The Swiss government said it would respect the vote and sought to reassure the Muslim population — mostly immigrants from other parts of Europe, like Kosovo and Turkey — that the minaret ban was “not a rejection of the Muslim community, religion or culture.”

Of course, it was a rejection of the Muslim religion and culture.

We couldn’t, and shouldn’t, do it something like this in the United States. The American Constitutional, and philosophical, commitment to religious tolerance, state neutrality, and pluralism is too fundamental, but the European case is very different.

Even Switzerland’s embrace of Enlightenment Liberalism is much less thoroughgoing than ours and European countries have contemporary problems with Islamic influence on a much more serious scale than we do. Just imagine if all the immigrant low wage workers we had were not comparatively readily assimilable Hispanics, but were instead Muslims from North Africa or the Middle East who typically had no intention of assimilating.

That uncertain embrace of Enlightenment Liberty does inevitably leave European peoples and governments looking wrong-footed in the way they handle issues of this kind. Europeans seem to move in an unprincipled way between extremes of supine indulgence on the one hand and a readiness to apply arbitrary power on the other.

29 Nov 2009

“Worst Scientific Scandal of a Generation”

, , , ,

Christopher Booker argues in the Telegraph that “(o)ur hopelessly compromised scientific establishment cannot be allowed to get away with a whitewash of what has become the greatest scientific scandal of our age.”

(T)he question which inevitably arises from this systematic refusal to release their data is – what is it that these scientists seem so anxious to hide? The second and most shocking revelation of the leaked documents is how they show the scientists trying to manipulate data through their tortuous computer programmes, always to point in only the one desired direction – to lower past temperatures and to “adjust” recent temperatures upwards, in order to convey the impression of an accelerated warming. This comes up so often (not least in the documents relating to computer data in the Harry Read Me file) that it becomes the most disturbing single element of the entire story. This is what Mr McIntyre caught Dr Hansen doing with his GISS temperature record last year (after which Hansen was forced to revise his record), and two further shocking examples have now come to light from Australia and New Zealand.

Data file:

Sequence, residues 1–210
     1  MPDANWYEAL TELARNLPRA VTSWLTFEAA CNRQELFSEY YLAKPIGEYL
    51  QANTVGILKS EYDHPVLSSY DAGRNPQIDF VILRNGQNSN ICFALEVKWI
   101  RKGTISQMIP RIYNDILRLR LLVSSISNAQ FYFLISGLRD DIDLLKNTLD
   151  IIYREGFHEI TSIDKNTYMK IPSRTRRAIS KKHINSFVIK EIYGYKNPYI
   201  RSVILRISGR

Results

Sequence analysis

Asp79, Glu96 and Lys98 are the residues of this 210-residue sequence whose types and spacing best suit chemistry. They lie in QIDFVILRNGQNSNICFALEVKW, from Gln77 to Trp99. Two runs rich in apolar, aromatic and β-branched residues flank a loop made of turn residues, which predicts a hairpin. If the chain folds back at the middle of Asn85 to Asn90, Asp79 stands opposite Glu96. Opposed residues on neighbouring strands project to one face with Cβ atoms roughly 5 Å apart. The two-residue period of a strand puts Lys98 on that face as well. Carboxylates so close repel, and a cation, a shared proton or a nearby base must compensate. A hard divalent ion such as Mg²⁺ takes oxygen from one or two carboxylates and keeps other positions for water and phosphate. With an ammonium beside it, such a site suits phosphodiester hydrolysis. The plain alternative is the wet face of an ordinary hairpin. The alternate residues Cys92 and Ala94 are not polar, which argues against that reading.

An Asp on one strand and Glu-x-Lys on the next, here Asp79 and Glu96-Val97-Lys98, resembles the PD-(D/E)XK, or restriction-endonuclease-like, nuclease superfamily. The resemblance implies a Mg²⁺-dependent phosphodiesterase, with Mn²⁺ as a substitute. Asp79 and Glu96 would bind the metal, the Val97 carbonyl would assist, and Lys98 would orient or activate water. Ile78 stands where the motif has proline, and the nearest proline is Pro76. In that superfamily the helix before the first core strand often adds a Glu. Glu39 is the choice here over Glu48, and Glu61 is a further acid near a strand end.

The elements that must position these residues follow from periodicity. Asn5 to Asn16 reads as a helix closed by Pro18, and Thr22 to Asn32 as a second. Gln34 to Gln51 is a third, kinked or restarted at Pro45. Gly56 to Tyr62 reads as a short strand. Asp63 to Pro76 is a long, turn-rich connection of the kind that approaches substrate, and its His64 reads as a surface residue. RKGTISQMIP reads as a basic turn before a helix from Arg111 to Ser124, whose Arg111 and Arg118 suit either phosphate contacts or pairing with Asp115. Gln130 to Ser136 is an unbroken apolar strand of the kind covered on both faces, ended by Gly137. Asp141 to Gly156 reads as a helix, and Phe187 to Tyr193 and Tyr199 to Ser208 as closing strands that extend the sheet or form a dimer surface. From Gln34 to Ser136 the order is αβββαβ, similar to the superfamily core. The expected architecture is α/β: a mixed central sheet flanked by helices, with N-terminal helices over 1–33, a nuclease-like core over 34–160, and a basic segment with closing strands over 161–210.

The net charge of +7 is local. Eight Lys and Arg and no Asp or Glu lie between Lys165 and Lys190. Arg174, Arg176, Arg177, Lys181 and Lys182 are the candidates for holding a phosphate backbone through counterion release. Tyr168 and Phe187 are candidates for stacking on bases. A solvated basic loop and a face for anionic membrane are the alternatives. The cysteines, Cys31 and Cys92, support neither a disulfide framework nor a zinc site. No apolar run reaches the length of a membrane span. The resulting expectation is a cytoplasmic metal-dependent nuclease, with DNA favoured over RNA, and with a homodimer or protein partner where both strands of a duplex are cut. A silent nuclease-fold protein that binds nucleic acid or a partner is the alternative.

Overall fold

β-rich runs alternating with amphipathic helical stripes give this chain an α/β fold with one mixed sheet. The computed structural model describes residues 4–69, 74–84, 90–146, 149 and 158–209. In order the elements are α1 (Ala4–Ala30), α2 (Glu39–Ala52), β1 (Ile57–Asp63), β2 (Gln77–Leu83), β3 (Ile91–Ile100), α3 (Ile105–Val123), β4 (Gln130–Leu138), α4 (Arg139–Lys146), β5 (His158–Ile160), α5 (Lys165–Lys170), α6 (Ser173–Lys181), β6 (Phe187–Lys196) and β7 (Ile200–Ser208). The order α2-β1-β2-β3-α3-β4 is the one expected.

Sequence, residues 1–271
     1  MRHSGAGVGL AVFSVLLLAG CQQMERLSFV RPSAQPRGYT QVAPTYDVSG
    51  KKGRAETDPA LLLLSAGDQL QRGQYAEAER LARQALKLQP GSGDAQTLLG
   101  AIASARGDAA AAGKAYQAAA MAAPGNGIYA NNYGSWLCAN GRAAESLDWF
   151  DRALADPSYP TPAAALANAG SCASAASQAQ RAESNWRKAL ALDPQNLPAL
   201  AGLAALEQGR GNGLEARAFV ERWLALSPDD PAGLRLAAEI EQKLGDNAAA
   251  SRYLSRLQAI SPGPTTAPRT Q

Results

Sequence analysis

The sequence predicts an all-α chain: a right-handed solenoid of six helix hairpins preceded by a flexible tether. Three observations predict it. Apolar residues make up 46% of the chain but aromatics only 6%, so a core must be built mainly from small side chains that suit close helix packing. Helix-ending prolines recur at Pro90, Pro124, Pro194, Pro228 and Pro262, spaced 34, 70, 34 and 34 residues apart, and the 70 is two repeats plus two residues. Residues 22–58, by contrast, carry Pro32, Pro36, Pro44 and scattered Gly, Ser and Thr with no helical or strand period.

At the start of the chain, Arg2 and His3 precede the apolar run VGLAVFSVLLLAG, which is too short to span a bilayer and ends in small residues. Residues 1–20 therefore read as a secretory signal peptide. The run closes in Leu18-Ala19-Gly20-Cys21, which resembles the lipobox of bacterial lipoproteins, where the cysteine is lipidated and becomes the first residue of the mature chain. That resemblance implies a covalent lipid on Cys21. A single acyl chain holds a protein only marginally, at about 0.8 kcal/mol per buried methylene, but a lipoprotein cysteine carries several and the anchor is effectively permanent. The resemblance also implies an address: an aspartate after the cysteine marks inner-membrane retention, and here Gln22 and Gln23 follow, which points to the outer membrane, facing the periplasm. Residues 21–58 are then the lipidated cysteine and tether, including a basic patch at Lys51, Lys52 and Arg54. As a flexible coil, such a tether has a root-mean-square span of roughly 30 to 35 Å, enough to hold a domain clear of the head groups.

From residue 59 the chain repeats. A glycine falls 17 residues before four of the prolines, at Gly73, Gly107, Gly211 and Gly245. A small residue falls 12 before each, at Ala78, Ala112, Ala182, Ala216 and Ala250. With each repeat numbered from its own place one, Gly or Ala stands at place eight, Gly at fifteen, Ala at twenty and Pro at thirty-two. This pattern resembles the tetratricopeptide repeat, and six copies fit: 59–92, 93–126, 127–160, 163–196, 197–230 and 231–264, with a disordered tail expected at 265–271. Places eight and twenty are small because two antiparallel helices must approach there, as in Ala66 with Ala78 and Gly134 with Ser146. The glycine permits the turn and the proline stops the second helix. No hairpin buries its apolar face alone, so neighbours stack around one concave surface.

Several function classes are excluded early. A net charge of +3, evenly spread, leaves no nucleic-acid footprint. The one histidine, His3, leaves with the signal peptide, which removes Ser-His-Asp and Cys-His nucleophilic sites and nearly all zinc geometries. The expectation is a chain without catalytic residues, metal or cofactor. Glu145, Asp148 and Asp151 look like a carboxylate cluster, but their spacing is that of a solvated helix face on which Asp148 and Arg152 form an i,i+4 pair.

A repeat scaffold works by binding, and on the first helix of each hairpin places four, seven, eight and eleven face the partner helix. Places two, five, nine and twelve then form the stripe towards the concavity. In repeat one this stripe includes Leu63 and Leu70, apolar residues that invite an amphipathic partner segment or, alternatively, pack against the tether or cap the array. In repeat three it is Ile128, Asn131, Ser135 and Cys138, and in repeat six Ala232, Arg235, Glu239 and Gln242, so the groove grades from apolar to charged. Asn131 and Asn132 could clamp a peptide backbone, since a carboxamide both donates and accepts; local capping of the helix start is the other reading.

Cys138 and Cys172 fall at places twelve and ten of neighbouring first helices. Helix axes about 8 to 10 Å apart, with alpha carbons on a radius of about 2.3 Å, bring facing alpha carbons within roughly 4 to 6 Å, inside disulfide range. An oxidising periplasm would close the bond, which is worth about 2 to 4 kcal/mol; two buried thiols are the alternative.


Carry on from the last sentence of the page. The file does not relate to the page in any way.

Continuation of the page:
In each of these countries it has been possible for local scientists to compare the official temperature record with the original data on which it was supposedly based. In each case it is clear that the same trick has been played – to turn an essentially flat temperature chart into a graph which shows temperatures steadily rising. And in each case this manipulation was carried out under the influence of the CRU.

What is tragically evident from the Harry Read Me file is the picture it gives of the CRU scientists hopelessly at sea with the complex computer programmes they had devised to contort their data in the approved direction, more than once expressing their own desperation at how difficult it was to get the desired results.

The third shocking revelation of these documents is the ruthless way in which these academics have been determined to silence any expert questioning of the findings they have arrived at by such dubious methods – not just by refusing to disclose their basic data but by discrediting and freezing out any scientific journal which dares to publish their critics’ work. It seems they are prepared to stop at nothing to stifle scientific debate in this way, not least by ensuring that no dissenting research should find its way into the pages of IPCC reports.


And the London Times reports that the original data is gone:

Scientists at the University of East Anglia (UEA) have admitted throwing away much of the raw temperature data on which their predictions of global warming are based.

It means that other academics are not able to check basic calculations said to show a long-term rise in temperature over the past 150 years.

The UEA’s Climatic Research Unit (CRU) was forced to reveal the loss following requests for the data under Freedom of Information legislation.

The data were gathered from weather stations around the world and then adjusted to take account of variables in the way they were collected. The revised figures were kept, but the originals — stored on paper and magnetic tape — were dumped to save space when the CRU moved to a new building.